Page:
Flavonoids are pigments found in plants. They are responsible for many of the yellow, red, and orange colors in plants.
Over 4000 different flavonoids have been identified from various plant sources. Common food sources include red wine, stems, flowers, fruits, vegetables, nuts, seeds, herbs, spices, coffee, and teas.
In 1936, some scientists suggested that flavonoids be recognized as vitamins. They believed that flavonoids were necessary to protect the health of capillaries, the smallest blood vessels. But there wasn't enough evidence to justify classifying flavonoids as vitamins.
Flavonoids are divided into groups based on slight differences in chemical structure. Flavones are one of the groups. Methoxylated flavones are a subdivision of that group. Methoxylated flavones are found in especially large amounts in citrus fruits.
Methoxylated flavones are used for poor circulation in the legs (venous insufficiency), varicose veins, heart disease, high cholesterol, cataracts, and cancer.
How it works
Methoxylated flavones are natural antioxidants and might reduce inflammation (swelling). They might also affect the way the liver processes cholesterol and other blood fats. Scientists think methoxylated flavones might also reduce the spread of cancer cells. But more information is needed.
Not ProvenPoor circulation in the legs (venous insufficiency)Varicose veinsHeart diseaseHigh cholesterolCataractsCancerOther conditions
Methoxylated flavones are a normal part of the diet. They are safe when consumed as part of food. But there isn't enough information available to know if supplements containing methoxylated flavones are safe.
Pregnancy and breast-feeding: Methoxylated flavones are safe forpregnantandbreast-feeding women when used as part of the diet. But the safety of methoxylated flavones duringpregnancyand breast-feeding is not known when used in amounts greater than those commonly found in foods. It's best to stay on the safe side and limit intake to food amounts.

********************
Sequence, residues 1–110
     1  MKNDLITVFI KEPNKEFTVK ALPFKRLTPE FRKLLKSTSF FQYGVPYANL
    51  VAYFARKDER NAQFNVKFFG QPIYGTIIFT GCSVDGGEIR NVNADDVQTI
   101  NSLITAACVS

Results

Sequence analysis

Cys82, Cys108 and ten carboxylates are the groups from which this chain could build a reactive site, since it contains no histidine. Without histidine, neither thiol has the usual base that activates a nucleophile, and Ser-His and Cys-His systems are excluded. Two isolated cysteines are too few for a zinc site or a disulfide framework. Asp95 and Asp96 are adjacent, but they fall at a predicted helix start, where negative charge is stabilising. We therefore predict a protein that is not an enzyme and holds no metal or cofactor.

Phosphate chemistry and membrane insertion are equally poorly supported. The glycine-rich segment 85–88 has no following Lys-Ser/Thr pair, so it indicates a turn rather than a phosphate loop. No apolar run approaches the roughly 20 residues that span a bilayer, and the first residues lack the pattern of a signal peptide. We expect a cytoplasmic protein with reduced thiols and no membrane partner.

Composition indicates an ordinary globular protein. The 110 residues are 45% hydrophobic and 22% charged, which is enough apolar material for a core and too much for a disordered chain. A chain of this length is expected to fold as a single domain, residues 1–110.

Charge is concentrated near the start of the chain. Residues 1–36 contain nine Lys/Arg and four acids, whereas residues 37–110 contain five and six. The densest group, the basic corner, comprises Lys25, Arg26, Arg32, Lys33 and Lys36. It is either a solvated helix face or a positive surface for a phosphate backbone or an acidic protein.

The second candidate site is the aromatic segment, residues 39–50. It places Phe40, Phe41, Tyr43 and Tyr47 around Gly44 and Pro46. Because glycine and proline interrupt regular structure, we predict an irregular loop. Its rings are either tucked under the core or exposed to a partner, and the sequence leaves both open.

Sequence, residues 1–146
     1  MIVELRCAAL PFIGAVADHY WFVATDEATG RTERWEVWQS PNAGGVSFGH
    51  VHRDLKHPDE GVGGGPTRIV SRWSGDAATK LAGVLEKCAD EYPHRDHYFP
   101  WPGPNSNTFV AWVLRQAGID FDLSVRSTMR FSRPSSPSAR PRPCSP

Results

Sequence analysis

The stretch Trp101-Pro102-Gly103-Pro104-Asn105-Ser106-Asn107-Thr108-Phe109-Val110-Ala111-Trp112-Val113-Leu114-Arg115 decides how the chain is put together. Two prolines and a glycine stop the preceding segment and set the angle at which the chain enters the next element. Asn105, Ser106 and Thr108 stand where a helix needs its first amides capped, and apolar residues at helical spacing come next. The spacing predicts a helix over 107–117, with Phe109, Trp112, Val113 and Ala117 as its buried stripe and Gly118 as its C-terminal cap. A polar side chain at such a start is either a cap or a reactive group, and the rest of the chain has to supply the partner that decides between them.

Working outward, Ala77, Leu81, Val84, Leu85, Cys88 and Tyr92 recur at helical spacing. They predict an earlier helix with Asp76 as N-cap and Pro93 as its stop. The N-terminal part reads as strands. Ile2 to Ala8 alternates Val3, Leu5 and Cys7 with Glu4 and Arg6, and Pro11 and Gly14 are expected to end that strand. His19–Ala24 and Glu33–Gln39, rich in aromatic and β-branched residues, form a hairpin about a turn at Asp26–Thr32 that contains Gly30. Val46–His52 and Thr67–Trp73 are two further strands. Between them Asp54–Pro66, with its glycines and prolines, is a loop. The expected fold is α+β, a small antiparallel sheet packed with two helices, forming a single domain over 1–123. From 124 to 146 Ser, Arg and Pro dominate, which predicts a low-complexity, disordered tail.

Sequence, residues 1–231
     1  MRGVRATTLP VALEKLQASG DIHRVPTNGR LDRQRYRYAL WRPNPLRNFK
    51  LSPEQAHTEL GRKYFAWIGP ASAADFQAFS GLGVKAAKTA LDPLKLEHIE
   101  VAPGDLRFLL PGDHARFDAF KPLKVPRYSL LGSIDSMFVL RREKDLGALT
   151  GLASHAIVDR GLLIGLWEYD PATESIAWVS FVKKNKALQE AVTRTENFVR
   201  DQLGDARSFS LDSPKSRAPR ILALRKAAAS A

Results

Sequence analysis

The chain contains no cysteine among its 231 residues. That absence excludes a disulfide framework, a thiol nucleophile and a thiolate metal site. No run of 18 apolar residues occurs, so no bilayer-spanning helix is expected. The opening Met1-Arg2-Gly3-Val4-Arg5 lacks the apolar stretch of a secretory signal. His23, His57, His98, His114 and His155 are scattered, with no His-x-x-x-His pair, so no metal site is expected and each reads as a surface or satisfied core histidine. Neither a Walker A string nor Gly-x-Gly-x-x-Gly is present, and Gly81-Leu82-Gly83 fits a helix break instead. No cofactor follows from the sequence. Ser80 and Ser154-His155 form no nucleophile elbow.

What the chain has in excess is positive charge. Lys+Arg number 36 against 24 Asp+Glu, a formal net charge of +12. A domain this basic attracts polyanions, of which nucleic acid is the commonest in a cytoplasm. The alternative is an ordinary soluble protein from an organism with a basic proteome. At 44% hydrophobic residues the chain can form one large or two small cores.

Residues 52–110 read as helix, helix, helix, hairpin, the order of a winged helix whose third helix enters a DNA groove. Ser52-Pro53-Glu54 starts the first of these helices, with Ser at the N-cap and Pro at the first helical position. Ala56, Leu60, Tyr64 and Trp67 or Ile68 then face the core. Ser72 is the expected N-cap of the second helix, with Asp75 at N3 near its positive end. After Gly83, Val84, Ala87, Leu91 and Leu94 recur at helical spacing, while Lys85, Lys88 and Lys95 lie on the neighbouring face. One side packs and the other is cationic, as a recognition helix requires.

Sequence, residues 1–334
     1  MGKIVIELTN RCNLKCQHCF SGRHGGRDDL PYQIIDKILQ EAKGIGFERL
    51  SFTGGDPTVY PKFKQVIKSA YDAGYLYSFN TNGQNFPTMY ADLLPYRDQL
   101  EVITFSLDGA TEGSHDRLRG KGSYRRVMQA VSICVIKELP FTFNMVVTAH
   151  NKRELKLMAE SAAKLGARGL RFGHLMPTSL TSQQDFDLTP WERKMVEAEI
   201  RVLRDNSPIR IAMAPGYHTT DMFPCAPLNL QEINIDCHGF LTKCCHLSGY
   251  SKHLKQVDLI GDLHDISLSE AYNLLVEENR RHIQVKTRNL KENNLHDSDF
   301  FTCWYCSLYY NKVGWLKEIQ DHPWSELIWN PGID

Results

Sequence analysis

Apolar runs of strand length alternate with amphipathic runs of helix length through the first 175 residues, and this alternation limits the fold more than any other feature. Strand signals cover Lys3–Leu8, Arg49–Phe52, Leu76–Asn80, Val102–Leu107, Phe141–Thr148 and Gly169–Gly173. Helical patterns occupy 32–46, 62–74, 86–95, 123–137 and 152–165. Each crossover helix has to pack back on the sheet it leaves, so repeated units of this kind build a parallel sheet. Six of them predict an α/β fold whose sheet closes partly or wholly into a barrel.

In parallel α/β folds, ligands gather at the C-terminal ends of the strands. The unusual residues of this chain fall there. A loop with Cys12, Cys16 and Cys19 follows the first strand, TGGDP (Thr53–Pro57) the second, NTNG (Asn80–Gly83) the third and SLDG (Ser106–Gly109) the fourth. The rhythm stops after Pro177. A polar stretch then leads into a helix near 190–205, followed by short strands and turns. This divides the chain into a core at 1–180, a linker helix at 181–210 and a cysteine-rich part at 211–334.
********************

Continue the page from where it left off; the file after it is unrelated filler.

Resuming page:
Surgery: Methoxylated flavones can slow blood clotting. There is some concern that they might increase the risk of bleeding during and after surgery. Stop taking methoxylated flavones supplements at least 2 weeks before a scheduled surgery.
ModerateMedications that slow blood clotting (Anticoagulant / Antiplatelet drugs)
Some medications are changed and broken down by the liver. Methoxylated flavones might increase how quickly the liver breaks down some medications. Taking methoxylated flavones along with some medications that are changed by the liver might decrease the effects of some medications. Before taking methoxylated flavones, talk to your healthcare provider if you take any medications that are changed by the liver.Some of these medications that are changed by the liver include clozapine (Clozaril), cyclobenzaprine (Flexeril), fluvoxamine (Luvox), haloperidol (Haldol), imipramine (Tofranil), mexiletine (Mexitil), olanzapine (Zyprexa), pentazocine (Talwin), propranolol (Inderal), tacrine (Cognex), theophylline, zileuton (Zyflo), zolmitriptan (Zomig), and others.Some medications are moved by pumps in cells. Some methoxylated flavones might change how these pumps work and increase how much of some medications get absorbed by the body.Some medications that are moved by these pumps include etoposide, paclitaxel, vinblastine, vincristine, vindesine, ketoconazole, itraconazole, amprenavir, indinavir, nelfinavir, saquinavir, cimetidine, ranitidine, diltiazem, verapamil, corticosteroids, erythromycin, cisapride (Propulsid), fexofenadine (Allegra), cyclosporine, loperamide (Imodium), quinidine, and others.Some methoxylated flavones might slow blood clotting. Taking methoxylated flavones along with medications that also slow clotting might increase the chances of bruising and bleeding.Some medications that slow blood clotting include aspirin, clopidogrel (Plavix), diclofenac (Voltaren, Cataflam, others), ibuprofen (Advil, Motrin, others), naproxen (Anaprox, Naprosyn, others), dalteparin (Fragmin), enoxaparin (Lovenox), heparin, warfarin (Coumadin), and others.